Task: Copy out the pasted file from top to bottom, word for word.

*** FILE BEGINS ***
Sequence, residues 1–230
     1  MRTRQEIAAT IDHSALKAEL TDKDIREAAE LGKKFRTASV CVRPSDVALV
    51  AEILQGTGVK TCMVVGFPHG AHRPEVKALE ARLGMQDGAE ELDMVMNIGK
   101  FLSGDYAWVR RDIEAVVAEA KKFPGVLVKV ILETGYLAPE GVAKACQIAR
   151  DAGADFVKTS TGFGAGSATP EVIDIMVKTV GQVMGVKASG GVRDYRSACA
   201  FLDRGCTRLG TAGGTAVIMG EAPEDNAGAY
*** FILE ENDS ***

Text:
Sequence, residues 1–230
     1  MRTRQEIAAT IDHSALKAEL TDKDIREAAE LGKKFRTASV CVRPSDVALV
    51  AEILQGTGVK TCMVVGFPHG AHRPEVKALE ARLGMQDGAE ELDMVMNIGK
   101  FLSGDYAWVR RDIEAVVAEA KKFPGVLVKV ILETGYLAPE GVAKACQIAR
   151  DAGADFVKTS TGFGAGSATP EVIDIMVKTV GQVMGVKASG GVRDYRSACA
   201  FLDRGCTRLG TAGGTAVIMG EAPEDNAGAY